Justice Benjamin disagrees with front pay award in $2M case

CHARLESTON – On Dec. 21, Chief Justice Brent D. Benjamin issued an opinion concurring in part and dissenting in part in an age discrimination case in which a plaintiff was awarded more than $2 million dollars in damages.

The majority opinion affirmed the Jackson County Circuit Court’s denial of a motion for a new trial submitted by defendants Burke-Parsons-Bowlby Corporation and Stella Jones Inc.

The case concerned the firing of Jerold John Rice, Jr., who began working for Burke-Parsons-Bowlby in 1985 and held the position of controller of the five-manufacturing plant corporation until shortly after the company’s acquisition by Stella-Jones in 2008.

Rice alleged he was “willfully, maliciously and unlawfully” terminated on March 12, 2009, and he filed a complaint based upon an allegation of age discrimination in April 2009.

The circuit court jury returned a verdict in favor of Rice and awarded him $2,133.991.00 in front and back pay. Back pay covers the amount that the plaintiff would have earned up to the time of the trial had he not been terminated while front pay calculates earnings until the time of reinstatement or at some point in the future if reinstatement is not feasible.

Stella-Jones appealed on several grounds, including “that the jury award of unmitigated back pay and front pay constituted a de facto finding of punitive damages.” The defendants argued that a new trial should have been granted on that basis.

The Court rejected that argument, writing, “[t]he amount awarded by the jury in wages was based on expert testimony. Upon determining that the actions of the defendants were malicious . . . the element of malice reflected in the verdict merely affected the level of Rice’s compensatory damages.”

Benjamin dissented to the award of unmitigated front pay damages.

“I concur in the Court’s judgment which affirms the finding that petitioner engaged in age-related discrimination against the respondent, Jerold John Rice, Jr., in violation of the West Virginia Human Rights Act. I also concur on the issue of the jury’s award of unmitigated back pay damages because the award is supported by our jurisprudence and the facts of the case," he wrote.

“However, I dissent to the award of unmitigated front pay damages because this is unsupported by our jurisprudence. Furthermore, damages awarded in excess of that which compensates a plaintiff for actual loss based upon a finding that the defendant engaged in malicious conduct toward the plaintiff are, by their very nature, punitive.

“Therefore, for such damage awards, the jurisprudence of this Court related to the reasonableness of a punitive damages award should apply.”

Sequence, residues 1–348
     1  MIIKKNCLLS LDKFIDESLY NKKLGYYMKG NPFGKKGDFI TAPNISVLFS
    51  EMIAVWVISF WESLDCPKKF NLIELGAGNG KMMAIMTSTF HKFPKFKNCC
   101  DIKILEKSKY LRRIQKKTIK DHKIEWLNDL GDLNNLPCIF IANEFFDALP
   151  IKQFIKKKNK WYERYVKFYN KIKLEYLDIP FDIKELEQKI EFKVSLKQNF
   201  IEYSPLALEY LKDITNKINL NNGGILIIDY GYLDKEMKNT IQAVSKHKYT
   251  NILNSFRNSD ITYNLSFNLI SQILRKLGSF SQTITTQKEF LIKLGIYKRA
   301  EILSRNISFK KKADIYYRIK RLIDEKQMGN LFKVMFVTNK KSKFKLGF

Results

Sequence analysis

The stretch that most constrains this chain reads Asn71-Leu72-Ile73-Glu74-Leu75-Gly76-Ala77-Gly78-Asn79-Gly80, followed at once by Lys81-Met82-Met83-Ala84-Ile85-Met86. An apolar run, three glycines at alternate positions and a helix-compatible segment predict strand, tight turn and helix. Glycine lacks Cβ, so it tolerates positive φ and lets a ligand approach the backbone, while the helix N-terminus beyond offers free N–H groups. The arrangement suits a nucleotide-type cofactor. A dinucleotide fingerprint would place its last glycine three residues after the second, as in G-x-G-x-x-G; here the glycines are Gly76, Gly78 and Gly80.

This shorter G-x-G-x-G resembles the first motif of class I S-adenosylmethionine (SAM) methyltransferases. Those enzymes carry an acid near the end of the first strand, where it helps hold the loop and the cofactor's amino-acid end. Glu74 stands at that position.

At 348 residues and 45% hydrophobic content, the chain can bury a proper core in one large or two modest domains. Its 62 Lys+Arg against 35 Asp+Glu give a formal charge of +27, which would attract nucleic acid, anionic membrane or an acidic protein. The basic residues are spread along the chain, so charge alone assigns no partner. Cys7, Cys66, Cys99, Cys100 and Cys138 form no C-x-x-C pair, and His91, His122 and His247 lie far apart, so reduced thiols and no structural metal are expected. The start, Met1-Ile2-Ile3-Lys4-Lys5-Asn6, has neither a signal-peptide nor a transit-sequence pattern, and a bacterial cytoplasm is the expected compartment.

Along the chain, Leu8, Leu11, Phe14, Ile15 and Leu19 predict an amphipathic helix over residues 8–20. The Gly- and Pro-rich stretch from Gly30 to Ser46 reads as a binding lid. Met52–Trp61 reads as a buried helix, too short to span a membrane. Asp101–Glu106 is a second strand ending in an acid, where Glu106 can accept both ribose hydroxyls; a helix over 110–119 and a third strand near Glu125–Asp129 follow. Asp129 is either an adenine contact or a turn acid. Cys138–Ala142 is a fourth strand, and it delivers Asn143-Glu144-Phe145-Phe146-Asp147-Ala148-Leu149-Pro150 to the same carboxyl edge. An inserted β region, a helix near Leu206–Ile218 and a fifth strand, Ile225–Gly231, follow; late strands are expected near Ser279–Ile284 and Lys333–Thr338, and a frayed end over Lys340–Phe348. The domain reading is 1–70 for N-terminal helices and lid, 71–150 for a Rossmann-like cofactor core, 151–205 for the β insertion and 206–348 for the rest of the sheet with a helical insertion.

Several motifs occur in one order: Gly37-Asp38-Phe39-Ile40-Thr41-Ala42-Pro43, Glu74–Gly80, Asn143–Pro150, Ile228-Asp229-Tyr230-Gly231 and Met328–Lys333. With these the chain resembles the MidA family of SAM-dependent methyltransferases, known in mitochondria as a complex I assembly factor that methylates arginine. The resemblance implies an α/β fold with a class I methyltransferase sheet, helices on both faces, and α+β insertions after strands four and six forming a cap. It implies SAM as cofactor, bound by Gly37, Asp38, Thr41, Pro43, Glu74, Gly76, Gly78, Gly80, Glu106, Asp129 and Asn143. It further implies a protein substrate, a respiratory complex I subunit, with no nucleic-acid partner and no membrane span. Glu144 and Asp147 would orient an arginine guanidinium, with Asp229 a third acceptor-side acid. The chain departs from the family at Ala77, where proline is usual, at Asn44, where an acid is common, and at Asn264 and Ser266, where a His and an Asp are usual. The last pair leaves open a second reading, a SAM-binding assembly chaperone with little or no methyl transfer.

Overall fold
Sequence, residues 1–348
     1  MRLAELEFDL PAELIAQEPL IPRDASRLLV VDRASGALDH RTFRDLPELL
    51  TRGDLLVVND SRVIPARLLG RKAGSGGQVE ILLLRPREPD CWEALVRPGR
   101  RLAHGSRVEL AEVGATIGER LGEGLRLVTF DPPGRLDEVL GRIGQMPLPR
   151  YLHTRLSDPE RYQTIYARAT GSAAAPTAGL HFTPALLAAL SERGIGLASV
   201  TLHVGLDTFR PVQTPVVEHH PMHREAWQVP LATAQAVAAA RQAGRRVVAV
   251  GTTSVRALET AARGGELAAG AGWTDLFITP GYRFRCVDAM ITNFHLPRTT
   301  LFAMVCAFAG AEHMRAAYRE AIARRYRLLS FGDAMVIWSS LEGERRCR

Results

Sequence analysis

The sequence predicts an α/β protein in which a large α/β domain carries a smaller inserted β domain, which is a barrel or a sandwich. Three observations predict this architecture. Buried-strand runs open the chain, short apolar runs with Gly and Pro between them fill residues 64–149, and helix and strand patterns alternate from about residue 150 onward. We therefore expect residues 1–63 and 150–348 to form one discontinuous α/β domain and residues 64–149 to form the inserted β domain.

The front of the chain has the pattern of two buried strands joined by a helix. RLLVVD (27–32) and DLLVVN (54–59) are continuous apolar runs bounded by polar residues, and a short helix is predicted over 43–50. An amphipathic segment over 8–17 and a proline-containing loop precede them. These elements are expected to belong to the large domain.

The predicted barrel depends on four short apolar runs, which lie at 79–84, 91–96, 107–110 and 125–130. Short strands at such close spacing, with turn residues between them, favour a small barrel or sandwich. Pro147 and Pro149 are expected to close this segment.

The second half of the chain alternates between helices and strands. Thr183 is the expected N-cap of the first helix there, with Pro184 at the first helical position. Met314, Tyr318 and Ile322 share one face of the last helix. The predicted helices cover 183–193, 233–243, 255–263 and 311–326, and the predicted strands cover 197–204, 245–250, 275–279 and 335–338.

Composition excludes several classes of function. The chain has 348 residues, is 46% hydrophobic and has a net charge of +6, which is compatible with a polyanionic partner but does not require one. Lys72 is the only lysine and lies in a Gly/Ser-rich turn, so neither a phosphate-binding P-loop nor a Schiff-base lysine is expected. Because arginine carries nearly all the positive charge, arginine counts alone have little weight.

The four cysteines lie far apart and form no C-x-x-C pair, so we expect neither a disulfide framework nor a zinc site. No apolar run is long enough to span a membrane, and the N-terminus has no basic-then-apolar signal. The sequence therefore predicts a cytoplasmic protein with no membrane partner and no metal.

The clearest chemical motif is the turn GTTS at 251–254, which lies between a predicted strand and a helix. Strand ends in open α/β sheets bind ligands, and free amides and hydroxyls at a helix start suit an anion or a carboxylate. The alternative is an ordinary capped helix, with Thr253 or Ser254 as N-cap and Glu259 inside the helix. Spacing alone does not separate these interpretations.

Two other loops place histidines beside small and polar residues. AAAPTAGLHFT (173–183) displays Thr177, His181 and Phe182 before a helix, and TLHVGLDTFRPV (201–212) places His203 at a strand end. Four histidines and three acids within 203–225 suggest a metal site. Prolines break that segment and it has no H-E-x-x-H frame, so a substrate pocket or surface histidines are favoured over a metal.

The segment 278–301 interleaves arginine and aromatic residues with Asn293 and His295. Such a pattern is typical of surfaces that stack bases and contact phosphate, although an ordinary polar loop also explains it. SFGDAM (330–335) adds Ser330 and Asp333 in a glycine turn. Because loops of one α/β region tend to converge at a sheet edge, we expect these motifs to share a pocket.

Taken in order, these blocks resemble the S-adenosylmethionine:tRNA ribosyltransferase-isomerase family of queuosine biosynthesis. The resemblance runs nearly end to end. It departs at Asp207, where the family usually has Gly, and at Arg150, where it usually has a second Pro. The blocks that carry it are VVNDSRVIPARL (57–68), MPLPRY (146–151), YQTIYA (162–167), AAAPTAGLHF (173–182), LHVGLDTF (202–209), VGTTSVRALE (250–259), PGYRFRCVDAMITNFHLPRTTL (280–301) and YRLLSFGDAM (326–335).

Benjamin argued that while the court has previously found, in the 1982 case Mason County Board of Education v. State Superintendent of Schools, that there is no duty to mitigate back pay when it is determined that the discharge was “malicious”, the Court has never extended this finding to front pay.

“In the instant case, the jury was instructed at trial, based on Mason County Board of Education v. State Superintendent of Schools, 170 W. Va. 632, 295 S.E.2d 719 (1982), that if it found Burke-Parsons-Bowlby Corporation acted maliciously in discriminating against Mr. Rice, then Mr. Rice had no duty to mitigate his damages," Benjamin wrote.

“The jury was also instructed that it was not required to reduce an award of back pay or front pay damages by any earnings and benefits that Mr. Rice had received or would have reasonably earned.

“The goal of punitive damages is deterrence. The rationale in Mason County for allowing unmitigated back pay awards in cases involving malicious conduct was ‘to discourage malicious discharges.’

“To the extent that the goal in allowing an unmitigated damages award is to deter malicious discharges, such an award is in fact punitive, rather than compensatory, in nature.”

Benjamin explained that when an award is punitive, the jury should be instructed to consider the appropriate factors for assessing whether the punitive damages are excessive.

“Where such an award is based on expert economic testimony, like in the instant case, and the damages projected are found to be rationally based and not simply plucked from thin air, a reviewing court may still find an unmitigated damages award based upon malicious conduct to be reasonable," he wrote.

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